When I picked up my new hearing aids we started with my left ear. I put the hearing aid in and was hooked up to my audiologist’s computer system. She adjusted the aid to my audiogram, then we talked and I let her know what sounded off so she could tweak some more. At one point I noticed an uncomfortable tinny sound. My audiologist asked if it was a high sound. It wasn’t. But I had no other words to describe it.

I did complain about some background noise, which we discovered was a fan blowing in the room. Just goes to show how much we really don’t hear, even with hearing aids. There will always be something new to my ears. And the older I get, this “something new” is harder and harder to identify and process correctly. Now it gets lumped into “sound,” at times “annoying sound,” and the only thing I can do is turn my hearing aid off to avoid it.

Once my left ear was set, we put in my right hearing aid. The very first thing we did with each ear was a feedback test, a series of beeps getting higher and higher as the hearing aid and program communicated. My right ear is profound in high sounds, and I expected this testing to be quieter than in my left ear. I was wrong. This told me immediately just how powerful my new “power” hearing aid was.

(Side note before anyone gets emotional: I don’t care about hearing. Truly. Honestly. I don’t want to better my hearing. But I do function in the hearing world most of the time, so it is important for me to hear. While it’s fascinating how much sound my right is able to receive, I would be perfectly happy with the previous level of sound I had.)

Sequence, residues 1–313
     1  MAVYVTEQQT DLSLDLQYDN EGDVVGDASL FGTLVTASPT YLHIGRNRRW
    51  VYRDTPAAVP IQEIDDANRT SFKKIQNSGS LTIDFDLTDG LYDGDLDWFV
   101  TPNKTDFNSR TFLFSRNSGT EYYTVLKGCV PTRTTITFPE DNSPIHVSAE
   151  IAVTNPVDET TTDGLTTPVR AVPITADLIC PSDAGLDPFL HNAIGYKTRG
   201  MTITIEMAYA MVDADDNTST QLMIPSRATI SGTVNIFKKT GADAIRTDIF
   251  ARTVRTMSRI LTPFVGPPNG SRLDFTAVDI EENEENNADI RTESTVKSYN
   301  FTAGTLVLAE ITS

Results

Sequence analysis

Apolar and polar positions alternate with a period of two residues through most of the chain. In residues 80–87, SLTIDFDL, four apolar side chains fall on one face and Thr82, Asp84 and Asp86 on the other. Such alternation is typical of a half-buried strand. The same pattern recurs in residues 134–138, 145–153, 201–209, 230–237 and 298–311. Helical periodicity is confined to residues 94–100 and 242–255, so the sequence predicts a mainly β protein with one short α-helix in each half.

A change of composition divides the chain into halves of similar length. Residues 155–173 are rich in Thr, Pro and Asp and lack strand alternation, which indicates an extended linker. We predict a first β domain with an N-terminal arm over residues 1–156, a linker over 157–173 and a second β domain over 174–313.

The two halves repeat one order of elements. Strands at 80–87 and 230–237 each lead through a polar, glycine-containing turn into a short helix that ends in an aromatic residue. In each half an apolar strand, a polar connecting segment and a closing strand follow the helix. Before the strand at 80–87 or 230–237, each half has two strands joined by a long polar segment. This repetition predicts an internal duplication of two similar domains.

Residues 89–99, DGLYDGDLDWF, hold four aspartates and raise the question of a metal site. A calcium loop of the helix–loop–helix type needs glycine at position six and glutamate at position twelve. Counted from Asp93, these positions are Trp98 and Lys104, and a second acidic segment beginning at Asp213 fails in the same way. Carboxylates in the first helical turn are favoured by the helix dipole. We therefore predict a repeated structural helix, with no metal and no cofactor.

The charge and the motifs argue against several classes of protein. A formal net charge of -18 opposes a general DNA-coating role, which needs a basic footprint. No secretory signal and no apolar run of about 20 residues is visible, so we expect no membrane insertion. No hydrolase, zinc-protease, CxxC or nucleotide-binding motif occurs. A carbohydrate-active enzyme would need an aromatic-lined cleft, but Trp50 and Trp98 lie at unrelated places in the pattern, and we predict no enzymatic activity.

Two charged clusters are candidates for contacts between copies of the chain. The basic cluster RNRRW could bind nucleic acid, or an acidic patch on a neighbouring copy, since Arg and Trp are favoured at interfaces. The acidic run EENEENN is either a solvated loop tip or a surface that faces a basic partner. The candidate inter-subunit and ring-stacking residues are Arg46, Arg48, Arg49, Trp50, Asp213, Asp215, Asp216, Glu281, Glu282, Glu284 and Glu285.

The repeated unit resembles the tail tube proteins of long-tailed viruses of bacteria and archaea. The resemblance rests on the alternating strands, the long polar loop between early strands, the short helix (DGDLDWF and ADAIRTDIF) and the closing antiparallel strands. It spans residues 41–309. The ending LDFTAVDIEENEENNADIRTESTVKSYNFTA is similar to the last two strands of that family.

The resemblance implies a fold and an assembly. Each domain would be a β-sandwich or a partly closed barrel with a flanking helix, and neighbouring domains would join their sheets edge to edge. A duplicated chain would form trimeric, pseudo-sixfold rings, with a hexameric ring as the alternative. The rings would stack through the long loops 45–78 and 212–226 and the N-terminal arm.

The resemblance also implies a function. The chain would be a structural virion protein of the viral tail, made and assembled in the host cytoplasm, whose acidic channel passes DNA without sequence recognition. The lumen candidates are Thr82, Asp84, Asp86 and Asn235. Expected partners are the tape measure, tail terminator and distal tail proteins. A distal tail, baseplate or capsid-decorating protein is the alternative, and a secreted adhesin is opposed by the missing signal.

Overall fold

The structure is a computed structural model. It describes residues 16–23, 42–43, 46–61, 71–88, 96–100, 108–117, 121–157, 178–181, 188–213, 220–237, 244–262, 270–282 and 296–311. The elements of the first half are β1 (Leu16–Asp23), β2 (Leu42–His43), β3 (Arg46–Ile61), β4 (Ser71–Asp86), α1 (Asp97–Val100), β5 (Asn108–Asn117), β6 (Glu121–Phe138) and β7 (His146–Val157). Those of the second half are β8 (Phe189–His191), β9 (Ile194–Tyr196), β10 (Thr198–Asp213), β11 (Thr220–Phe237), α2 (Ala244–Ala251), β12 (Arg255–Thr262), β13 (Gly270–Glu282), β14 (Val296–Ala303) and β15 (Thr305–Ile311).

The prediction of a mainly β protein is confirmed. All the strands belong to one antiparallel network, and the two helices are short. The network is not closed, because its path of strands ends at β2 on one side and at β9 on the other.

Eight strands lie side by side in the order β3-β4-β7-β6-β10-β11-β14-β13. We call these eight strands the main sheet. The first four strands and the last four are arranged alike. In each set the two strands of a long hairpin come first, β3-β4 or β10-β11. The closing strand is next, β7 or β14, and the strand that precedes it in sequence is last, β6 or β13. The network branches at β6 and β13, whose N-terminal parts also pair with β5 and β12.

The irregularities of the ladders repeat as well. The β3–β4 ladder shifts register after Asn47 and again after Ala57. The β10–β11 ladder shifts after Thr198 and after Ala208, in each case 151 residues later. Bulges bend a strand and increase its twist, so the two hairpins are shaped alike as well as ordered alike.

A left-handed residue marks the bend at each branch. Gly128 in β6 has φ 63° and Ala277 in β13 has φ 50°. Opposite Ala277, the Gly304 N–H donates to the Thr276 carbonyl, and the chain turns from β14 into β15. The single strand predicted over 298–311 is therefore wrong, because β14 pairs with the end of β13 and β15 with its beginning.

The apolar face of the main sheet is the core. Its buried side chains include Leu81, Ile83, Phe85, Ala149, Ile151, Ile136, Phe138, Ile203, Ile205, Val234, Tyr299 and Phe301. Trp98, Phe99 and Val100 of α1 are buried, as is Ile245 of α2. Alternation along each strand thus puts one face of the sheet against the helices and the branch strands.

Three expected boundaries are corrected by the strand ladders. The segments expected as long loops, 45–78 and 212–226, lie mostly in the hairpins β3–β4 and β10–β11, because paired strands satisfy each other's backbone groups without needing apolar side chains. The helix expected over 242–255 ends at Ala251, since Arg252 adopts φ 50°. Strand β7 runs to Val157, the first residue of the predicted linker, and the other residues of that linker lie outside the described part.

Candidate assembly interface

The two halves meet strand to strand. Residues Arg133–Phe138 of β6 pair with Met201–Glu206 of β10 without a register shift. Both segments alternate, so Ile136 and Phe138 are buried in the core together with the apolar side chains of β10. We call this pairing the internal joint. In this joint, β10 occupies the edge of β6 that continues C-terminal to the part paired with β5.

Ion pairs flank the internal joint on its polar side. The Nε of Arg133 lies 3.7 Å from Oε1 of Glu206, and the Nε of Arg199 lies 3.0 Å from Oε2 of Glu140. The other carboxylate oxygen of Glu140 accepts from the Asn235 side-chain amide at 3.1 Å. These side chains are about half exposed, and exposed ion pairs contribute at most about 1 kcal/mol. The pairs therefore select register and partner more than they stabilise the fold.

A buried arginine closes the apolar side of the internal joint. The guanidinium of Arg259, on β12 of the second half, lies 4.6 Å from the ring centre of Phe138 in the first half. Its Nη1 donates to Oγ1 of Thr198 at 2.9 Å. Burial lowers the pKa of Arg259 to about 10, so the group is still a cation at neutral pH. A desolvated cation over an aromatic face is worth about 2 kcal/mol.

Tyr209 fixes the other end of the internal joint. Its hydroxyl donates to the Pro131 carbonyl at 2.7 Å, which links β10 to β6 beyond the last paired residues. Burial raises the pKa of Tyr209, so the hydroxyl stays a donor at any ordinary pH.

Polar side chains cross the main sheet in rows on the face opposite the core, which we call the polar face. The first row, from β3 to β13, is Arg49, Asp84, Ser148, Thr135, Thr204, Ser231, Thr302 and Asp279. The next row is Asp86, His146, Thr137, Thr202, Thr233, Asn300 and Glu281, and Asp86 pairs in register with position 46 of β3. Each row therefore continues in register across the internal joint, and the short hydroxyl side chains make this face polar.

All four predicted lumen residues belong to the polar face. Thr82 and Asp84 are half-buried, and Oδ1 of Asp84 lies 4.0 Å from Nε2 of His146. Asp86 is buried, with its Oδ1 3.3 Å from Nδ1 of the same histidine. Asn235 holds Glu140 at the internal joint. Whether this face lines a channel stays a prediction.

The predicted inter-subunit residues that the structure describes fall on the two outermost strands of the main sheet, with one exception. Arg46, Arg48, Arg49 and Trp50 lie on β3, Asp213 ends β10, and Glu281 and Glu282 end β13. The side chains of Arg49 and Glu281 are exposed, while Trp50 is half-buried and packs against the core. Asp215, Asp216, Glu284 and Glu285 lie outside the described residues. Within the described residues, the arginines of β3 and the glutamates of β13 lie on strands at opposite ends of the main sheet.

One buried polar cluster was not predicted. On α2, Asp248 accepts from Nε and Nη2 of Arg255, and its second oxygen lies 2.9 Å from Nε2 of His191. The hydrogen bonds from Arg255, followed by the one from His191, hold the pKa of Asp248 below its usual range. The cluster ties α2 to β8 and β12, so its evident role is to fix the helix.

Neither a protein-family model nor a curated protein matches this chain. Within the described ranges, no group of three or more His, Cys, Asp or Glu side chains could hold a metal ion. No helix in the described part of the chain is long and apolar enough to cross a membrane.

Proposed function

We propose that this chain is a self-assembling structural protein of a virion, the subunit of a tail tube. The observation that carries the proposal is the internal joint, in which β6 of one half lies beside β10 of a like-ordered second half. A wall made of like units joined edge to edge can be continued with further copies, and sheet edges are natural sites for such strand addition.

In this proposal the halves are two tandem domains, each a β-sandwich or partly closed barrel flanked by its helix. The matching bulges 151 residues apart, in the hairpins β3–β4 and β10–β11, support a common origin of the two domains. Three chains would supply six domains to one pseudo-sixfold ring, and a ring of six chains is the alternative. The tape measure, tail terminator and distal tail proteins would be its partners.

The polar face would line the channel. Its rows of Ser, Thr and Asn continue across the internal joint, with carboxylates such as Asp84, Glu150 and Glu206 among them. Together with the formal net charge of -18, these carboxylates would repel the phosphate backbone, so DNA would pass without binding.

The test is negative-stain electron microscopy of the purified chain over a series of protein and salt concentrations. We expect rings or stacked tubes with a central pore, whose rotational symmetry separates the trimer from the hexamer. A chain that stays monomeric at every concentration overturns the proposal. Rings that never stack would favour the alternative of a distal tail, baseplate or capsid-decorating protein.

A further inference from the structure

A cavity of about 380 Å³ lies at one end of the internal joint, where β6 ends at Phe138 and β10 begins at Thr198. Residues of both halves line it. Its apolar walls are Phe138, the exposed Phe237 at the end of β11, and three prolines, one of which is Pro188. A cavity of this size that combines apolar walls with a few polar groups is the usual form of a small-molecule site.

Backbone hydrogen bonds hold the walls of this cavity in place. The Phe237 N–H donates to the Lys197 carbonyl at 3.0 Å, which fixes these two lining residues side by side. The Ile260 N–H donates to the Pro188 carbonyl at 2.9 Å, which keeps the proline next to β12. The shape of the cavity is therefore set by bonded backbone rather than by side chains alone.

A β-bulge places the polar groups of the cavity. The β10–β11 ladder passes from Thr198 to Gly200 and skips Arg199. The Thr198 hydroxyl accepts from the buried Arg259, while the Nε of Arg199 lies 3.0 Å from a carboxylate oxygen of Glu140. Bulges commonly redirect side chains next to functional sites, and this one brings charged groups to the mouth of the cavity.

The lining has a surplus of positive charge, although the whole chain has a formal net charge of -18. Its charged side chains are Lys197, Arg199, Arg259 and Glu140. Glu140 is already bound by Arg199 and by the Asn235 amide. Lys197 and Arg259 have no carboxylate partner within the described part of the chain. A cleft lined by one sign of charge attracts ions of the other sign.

Click here for Part II

How I Got My Agent!

I still can’t believe I get to write this post! This is the post every writer dreams of writing and secretly fears may never happen. The ending of my story moved fast, but make no doubt about it, this has been a journey.

The first novel I seriously queried was my second novel, an adult contemporary romance. As I went through querying, entering contests, and meeting more writers and critique partners, I learned a ton. My novel changed for the better. When I stopped actively querying I had sent out 80 queries and had two requests pending.

I kept writing, penning drafts to three more adult romances. Then I wrote something different. Darker. Edgier. Younger. My first New Adult novel, a single POV story with a hard of hearing main character. From the beginning I got great feedback from my readers. Before querying, I entered it into my first contest, Nest Pitch. I was thrilled to receive requests for more writing from more than one team! I was chosen as a finalist and had two lovely mentors provide feedback on my first chapter and help me clean it up.

The contest came and I watched as most of the other participants received requests. I received none. I was crushed and bummed but I took faith in the fact I had been chosen for a team. I started querying. My first ten queries yielded me two full requests! I started to believe I was onto something with this novel.

I entered a second contest, The Writer’s Voice. I ended up with two teams fighting over me! Something I always dreamed of from watching contests and not getting through. For those who still dream: yes, it’s wonderful, but it’s also brutal! Two wonderful teams want you and you can only choose one. I hemmed and hawed, bit my nails, and drove my friends crazy. When the agent round came I was prepared for nothing, again. I got three requests! I knew it, something good was coming.